Jessica Krebs, another organizer of Monday’s protest, said that while businesses should be inclusive of all members of the community, organizers hoped to at least raise awareness of the venue’s politics.

“The point is really to make people aware that they exist and discriminate so people can know before they decide to use their services,” Krebs said. “A lot of people entered into contracts with this venue not knowing they were homophobic and they backed off when they found out and didn’t get their money back.”

Hannah Natale has confirmed that the venue will not issue refunds to couples unhappy with the policy.

“These couples came and they chose the space to celebrate their own love and now they’re doing it about someone else. It’s about them…not the people coming to the wedding,” he said. said Hannah Natale “If people aren’t comfortable coming to a wedding here because of that, they can’t come, but we’ll treat them with love and kindness and they won’t see any difference as a guests.”

The Natales are also considering whether to more prominently label their policy against hosting same-sex couples.

“We are not required to post it anywhere and honestly it was a very difficult decision for us and we decided that at the beginning of the year, not four years ago when we bought the building” , said Hannah Natale.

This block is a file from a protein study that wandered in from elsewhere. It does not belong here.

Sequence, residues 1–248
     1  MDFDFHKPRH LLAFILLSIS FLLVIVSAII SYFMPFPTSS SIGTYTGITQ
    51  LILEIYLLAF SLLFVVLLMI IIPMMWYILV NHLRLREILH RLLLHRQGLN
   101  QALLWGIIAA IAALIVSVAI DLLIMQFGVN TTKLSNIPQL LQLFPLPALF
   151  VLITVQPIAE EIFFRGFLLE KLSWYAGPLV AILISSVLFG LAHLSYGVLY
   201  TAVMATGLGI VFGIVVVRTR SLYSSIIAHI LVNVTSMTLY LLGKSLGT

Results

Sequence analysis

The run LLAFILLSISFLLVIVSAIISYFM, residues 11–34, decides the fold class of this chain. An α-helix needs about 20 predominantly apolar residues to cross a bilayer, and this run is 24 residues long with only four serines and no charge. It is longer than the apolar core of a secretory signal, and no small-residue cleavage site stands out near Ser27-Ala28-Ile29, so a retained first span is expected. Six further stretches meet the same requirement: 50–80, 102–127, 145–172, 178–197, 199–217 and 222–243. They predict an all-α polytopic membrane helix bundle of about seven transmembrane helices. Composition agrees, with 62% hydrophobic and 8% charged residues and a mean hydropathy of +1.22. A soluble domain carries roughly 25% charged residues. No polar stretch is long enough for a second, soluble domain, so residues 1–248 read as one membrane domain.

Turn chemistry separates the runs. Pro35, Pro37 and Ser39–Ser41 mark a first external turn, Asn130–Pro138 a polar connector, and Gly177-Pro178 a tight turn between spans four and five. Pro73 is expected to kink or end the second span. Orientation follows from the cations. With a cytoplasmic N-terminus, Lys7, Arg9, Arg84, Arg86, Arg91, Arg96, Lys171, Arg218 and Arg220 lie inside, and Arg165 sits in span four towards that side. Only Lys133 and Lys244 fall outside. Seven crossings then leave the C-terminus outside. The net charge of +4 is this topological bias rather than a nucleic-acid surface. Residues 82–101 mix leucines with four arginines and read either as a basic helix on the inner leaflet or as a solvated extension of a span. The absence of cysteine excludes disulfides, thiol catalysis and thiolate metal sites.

The Natales met with vendors who chose not to work with the venue due to its policy, but said they have booked 32 weddings this year.

‘Long trip’

Nick Natale bought the former church property on the city’s west side in March 2018 for $230,000, according to city property records.

At a May 17, 2018 meeting of the Grand Rapids Zoning Appeals Board, Nick Natale told the Zoning Appeals Board that he planned to invest $1 million in renovations for the development. The Natales declined to disclose the final renovation costs as well as the contractors involved in the project.

“We bought this building in 2018, it’s been a very long road to get here,” said Hannah Natale.

The venue has spaces to host wedding ceremonies, as well as cocktail parties and receptions, with room for the bride and groom to get ready, Nick Natale said. Additionally, they plan to hold a range of other events that members of the LGBTQ community are welcome to book, such as business meetings and birthday parties, he added.

Surrounding businesses and the West Leonard Business Association wrote letters of support for the project to the Zoning Appeal Board in 2018.

Before buying and renovating the old church, Hannah Natale was a wedding photographer for eight years and Nick Natale was a chef at Rockwell Republic.

“We love that it’s so close to the heart of downtown. We think it’s a different vibe than other wedding venues in the area, so we wanted to bring something new to the people of Grand Rapids,” Hannah Natale said. “We love love, so what better industry to get into?”